A HIGH SCHOOL DIPLOMA ought to certify that the graduate has reached a certain acceptable level of competence in his education. Unfortunately, the present practice usually amounts to giving a diploma to anyone who sticks around long enough. That's unfair to employers and the community. And it's especially unfair to those youngsters who think they are getting an education - and discover too late, only after graduation, that they are wrong.

Competence tests, as a requirement for graduation, raise prickly questions for school boards. Children's failures are often the schools' failures as well. But throughout the country, school systems are edging toward the idea of graduation tests. Virginia's state board of education has become the leader in this region.

A year ago the Virginia board voted to let local school systems impose their own tests, beginning in 1979. But on further reflection, it has decided - correctly - that leaving the hard questions to the local boards is not necessarily helpful. One of the gravest defects in Virginia's educational policy over the years has been its toleration of vast disparities in quality between one local system and another. There's a need for a basic statewide standard, and it ought to be spelled out at the point at which students enter high school. That's why the state board has now pushed its target back to the class of 1984, the children who are in fifth grade today.If the thing is done properly, it will not be just one test given right before graduation, but a series of tests beginning early in high school to spot trouble in time to try to remedy it.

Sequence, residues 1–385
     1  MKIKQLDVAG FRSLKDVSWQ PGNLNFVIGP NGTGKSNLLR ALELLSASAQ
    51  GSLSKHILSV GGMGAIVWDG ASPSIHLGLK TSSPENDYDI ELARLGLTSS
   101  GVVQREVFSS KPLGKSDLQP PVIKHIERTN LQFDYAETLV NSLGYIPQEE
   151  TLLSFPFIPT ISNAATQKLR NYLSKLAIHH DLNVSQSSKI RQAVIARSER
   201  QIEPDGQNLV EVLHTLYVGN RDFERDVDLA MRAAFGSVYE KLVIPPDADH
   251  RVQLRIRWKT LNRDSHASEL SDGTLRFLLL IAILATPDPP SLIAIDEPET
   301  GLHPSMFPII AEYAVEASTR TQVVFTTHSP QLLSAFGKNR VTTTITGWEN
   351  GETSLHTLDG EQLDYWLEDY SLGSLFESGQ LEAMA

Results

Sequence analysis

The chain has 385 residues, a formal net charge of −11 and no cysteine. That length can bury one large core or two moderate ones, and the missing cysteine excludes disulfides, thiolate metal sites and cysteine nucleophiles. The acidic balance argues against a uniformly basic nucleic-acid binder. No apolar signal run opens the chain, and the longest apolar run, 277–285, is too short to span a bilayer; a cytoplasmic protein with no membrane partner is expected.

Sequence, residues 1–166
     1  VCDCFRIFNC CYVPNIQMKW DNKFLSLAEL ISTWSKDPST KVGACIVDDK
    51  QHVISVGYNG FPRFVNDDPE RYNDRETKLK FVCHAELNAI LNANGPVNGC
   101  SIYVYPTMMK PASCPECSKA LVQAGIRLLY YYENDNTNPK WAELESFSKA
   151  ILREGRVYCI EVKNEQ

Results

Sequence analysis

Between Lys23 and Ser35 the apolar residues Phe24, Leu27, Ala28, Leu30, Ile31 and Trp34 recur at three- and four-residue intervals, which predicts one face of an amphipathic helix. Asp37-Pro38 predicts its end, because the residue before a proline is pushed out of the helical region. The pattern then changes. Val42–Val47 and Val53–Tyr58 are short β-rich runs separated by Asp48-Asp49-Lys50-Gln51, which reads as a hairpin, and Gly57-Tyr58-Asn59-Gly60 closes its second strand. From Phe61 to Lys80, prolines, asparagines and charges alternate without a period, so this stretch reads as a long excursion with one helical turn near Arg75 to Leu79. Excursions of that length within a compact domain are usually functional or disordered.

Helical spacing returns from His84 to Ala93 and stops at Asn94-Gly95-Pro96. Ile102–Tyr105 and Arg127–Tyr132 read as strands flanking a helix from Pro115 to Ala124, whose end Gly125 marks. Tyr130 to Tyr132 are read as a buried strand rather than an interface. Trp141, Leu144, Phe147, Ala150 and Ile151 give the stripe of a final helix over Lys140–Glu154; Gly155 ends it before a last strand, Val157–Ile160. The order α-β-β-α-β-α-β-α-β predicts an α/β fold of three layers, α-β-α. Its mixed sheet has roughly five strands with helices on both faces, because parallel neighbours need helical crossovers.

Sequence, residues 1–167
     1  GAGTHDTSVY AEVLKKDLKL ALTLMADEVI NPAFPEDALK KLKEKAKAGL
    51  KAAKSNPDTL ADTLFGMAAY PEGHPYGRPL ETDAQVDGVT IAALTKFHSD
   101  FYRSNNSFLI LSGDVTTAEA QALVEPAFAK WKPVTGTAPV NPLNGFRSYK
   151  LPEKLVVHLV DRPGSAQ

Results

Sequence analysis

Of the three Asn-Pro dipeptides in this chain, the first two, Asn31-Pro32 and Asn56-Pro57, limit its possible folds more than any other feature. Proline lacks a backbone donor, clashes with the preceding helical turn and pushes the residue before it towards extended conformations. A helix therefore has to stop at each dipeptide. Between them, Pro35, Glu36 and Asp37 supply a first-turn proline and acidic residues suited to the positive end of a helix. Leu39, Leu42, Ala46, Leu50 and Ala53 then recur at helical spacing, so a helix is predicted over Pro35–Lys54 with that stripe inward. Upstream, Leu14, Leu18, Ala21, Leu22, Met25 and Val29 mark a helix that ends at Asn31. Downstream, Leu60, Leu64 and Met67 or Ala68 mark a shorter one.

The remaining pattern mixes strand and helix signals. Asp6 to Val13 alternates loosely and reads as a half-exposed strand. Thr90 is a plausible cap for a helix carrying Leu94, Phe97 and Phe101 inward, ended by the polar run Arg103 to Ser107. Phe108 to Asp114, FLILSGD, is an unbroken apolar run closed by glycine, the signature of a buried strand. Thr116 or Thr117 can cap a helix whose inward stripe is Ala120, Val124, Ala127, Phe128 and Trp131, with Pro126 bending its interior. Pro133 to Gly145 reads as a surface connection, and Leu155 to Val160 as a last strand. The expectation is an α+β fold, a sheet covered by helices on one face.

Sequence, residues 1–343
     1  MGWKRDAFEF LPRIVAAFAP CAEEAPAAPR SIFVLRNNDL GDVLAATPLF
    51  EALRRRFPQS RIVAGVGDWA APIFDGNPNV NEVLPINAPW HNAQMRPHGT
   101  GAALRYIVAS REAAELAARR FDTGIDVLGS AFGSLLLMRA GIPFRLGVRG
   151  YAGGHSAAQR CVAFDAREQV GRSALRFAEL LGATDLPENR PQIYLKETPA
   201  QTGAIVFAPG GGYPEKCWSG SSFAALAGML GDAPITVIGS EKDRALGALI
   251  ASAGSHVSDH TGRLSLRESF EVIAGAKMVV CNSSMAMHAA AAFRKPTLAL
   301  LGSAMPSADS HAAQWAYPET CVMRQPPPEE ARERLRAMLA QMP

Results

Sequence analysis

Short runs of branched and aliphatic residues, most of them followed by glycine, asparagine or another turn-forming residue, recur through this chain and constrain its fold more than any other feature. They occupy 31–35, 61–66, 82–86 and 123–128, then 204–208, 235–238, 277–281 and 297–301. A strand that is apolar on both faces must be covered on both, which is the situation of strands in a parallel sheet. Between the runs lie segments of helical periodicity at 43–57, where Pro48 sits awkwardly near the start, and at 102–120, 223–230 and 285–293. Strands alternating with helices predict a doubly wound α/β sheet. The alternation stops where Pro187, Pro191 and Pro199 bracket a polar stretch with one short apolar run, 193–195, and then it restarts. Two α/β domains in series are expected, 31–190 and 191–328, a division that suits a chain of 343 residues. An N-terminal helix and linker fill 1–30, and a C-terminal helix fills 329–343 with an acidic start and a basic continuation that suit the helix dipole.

Maryland has decided against graduation tests, preferring instead to set a standard for each grade. But it's still not entirely clear what happens to the children who consistently can't meet those standards. The Washington schools pay their respects to the principle of competence tests, but don't seem to be doing much about it in practice.

A lawsuit in a Long Island, N.Y., school district illustrates the point. A young man graduated from high school there with a fourth-grade reading ability, and he's now charging the school with educational malpractice. A student can't claim a legal right to know how to read. Some children have handicaps that will always make reading difficult for them, just as some will never learn to sing on key or balance a checkbook. But children and their parents are certainly entitled to warnings when trouble appears. When a school system amiably gives an illiterate child normal grades and passes him along routinely, it is evading a basic responsibility. Competence tests make evasion harder. Not incidentally, they also help to guarantee that the successful students' diplomas will be worth having.